Tell me about this list

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Discus: College Search and Selection: September 2003 Archive: Tell me about this list
By Shilpa1125 (Shilpa1125) on Sunday, September 14, 2003 - 06:02 pm: Edit

I'm looking at these following schools, but I want to apply to 8 as a maximum, preferably 6 or 7, and I was wondering if anyone could give me a brief description of these schools (atmosphere, social life, comparison to the others, things like that). All I know about most of these places are their academic repuatations and I would really like to know more from the student's point of view. I'm definitely applying to U of TX as my safety, so I really only want to apply to 7 from this list, so I just want to narrow it down soon. Thanks!

Claremont McKenna

By Shilpa1125 (Shilpa1125) on Sunday, September 21, 2003 - 11:57 pm: Edit


By Gadad (Gadad) on Monday, September 22, 2003 - 08:22 am: Edit

The best thing to do would be to get a copy of the Fiske Guide to Colleges. It has a 2-3 page description of all the details you're seeking on each of these schools.

By Jamimom (Jamimom) on Monday, September 22, 2003 - 09:52 am: Edit

Wow, those schools are as different from UTX as can be. I recommend college prowler--just google onto the site and it'll give you students' viewpoints on each school--you have to order a booklet for each school, I believe $5 apiece. Or go to your library for Fiske, Princeton Review Top 350, and the Insiders Guide to colleges. Or go to Borders or Barnes and Nobles and spend an afternoon perusing those same books.
You know that Amherst, Claremont, Pomona and Williams are small liberal arts colleges though they are part of consortiums that do share facilities with other schools. Of the three only Pomona has frats which are a very small part of the social scene according to what I hear. Claremont is more conservative of the three. As for the ivies, Dartmouth is as different from Columbia as they come. So you are looking at quite a variety.
My picks from that group would be Brown, Amherst, Pomona, Duke and Rice. I would also throw in a slightly less selective school like Vanderbilt, Emory, USC, Tulane so that if the stretches don't work out because they are all very difficult schools to get into regardless of stats,you would have a non Texas alternative to contemplate. Have fun!

By Shilpa1125 (Shilpa1125) on Wednesday, September 24, 2003 - 05:00 pm: Edit

Thanks a lot for the help! Yeah, I know, they're all basically the opposite of UTX, but I'm definitely in at UTX so I'm using that as my safety. I definitely need more safeties so I'll check out those other schools you mentioned.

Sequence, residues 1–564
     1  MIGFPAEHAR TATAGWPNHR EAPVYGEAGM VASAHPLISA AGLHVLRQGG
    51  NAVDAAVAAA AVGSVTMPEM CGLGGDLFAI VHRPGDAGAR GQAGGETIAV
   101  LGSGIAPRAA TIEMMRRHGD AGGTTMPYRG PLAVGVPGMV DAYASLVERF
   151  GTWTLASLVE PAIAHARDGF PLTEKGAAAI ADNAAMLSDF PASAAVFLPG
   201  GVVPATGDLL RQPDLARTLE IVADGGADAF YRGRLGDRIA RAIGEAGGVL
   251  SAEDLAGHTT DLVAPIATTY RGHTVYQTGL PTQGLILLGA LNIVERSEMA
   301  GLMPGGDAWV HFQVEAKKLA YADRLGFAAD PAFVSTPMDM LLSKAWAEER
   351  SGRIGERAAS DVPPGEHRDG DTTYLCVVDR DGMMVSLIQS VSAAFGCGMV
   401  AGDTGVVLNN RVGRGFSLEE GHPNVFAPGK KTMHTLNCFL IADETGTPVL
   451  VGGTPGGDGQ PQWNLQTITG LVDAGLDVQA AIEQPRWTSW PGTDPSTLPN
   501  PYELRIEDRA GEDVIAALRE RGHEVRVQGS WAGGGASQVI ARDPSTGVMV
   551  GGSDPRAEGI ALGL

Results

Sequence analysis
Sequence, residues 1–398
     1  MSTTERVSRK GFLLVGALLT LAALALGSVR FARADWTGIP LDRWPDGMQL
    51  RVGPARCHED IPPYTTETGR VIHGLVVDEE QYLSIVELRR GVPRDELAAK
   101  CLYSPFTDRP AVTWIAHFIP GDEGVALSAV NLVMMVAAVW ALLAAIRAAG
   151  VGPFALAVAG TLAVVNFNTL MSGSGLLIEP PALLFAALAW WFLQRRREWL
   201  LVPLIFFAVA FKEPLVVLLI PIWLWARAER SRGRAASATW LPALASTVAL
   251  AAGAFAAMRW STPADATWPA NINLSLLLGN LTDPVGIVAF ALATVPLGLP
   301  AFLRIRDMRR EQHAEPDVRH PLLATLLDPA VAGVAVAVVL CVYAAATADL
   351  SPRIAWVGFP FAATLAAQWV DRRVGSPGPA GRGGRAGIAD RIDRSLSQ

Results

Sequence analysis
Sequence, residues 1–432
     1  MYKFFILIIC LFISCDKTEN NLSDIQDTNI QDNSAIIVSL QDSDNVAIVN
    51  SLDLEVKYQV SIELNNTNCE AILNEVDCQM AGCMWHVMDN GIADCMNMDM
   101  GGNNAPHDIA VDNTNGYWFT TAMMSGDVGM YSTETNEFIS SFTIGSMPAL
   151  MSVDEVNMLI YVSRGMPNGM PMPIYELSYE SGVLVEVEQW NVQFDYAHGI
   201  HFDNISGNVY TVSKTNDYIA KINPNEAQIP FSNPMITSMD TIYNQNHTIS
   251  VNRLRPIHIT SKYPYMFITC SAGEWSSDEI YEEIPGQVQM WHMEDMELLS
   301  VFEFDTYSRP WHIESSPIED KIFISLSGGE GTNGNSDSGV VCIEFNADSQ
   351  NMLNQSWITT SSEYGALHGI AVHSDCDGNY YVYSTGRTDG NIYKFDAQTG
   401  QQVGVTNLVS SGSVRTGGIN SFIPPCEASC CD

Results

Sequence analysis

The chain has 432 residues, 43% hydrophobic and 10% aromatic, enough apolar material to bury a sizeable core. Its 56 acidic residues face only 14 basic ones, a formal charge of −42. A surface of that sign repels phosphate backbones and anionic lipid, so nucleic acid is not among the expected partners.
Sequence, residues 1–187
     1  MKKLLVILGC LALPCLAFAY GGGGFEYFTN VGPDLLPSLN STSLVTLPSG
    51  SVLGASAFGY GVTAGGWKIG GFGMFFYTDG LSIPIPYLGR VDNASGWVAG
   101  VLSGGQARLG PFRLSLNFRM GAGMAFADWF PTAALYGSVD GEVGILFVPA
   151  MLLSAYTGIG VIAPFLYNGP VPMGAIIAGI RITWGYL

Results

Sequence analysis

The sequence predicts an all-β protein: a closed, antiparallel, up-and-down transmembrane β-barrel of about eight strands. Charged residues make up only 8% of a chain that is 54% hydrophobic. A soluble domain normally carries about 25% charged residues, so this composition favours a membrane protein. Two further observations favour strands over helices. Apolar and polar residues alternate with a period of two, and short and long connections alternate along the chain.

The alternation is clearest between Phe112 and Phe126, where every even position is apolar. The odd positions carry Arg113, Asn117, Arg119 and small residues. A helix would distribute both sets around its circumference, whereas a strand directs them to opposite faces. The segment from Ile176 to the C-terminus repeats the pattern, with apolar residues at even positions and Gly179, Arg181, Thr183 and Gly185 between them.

By Haon (Haon) on Wednesday, September 24, 2003 - 11:06 pm: Edit

This is what I can give you (take it for what it's worth):

Amherst -- Along with Williams, the top LAC in the country. It has a slight reputation for being snobby, and is in the five-college consortium (look it up, there are good and bad things to it).

Claremont McKenna -- A fairly selective LAC... in a consortium with other CMC colleges... This is the "polisci" specialty college of the CMCs...not as selective as Pomona, Amherst, or Williams, but still a good school (maybe a reach). CM is near a city and in southern Cali (so it's warm year round). Unfortunately there's also a lot of pollution.

Dartmouth -- The most liberal-artish of the Ivies. It's very rural and very much a "work hard-play hard" school. However, it is still significantly bigger than LACs and if you're looking for an LAC, go to an LAC.

Duke -- A southern version of Dartmouth... a work hard-play hard school...definitely very southern. I personally know a lot of people that are going/went/want to go to Duke who I cannot makes me wonder about the type of student it attracts.

Pomona -- Southern California's answer to Amherst... the best and most selective LAC not in New England (with the possible acception of Carleton). It's part of the CMCs with Claremont...has a slightly snobby reputation (like amherst), and is the most selective of the CMCs. Pomona and Claremont McKenna almost share a campus.

Rice -- while technically a university, it is very liberal-artish. It is located in a city (austin I think) which unfortunately is supposaidly fairly intolerable at times. An excellent school.

Williams -- My favorite of the bunch. Along with Amherst, Williams is the best LAC in the country. Williams students are known for being acceptionally well-rounded...look for a large amount of athletic students here. The faculty is excellent and 100% devoted to undergrad teaching (something only found at LACs). The college is famous for treating its students exceptionally well. You can't get a better education anywhere in the country.

Yale -- My favorite of the Ivies and my favorite non-LAC. While Yale is committed to undergrads, it is a research university at heart and you can expect to get many TAs. Check out the residential college system and make sure you can deal with crummy New Haven if you're looking into Yale. This is the most selective university of the bunch.

Columbia -- The "city Ivy." Located in NYC so most of college life will revolve around the city, not the campus. Unfortunately, it is not located in the nicest part of the city. Probably the least-undergrad-focused of the bunch.

Brown -- known as the "slacker Ivy"...however, don't expect to get off easy at brown. Brown has an open curriculum (Amherst has one as well and Williams practically has one). Brown traditionally attracts extremely bright and qualified students who didn't want the stress of HYP. A downside of Brown is that they are NOT need-blind in admissions and have had some financial difficulties. Some of the buildings are fairly run-down and you won't find as much college spending here as you will at the other colleges you're considering.

I hope this helps...if you want more in-depth descriptions, I'd be happy to provide them...I've personally done overnights at Williams, Dartmouth and Yale and I've visited many of hte other campuses (some several times).

By Stanfordhopeful (Stanfordhopeful) on Wednesday, September 24, 2003 - 11:26 pm: Edit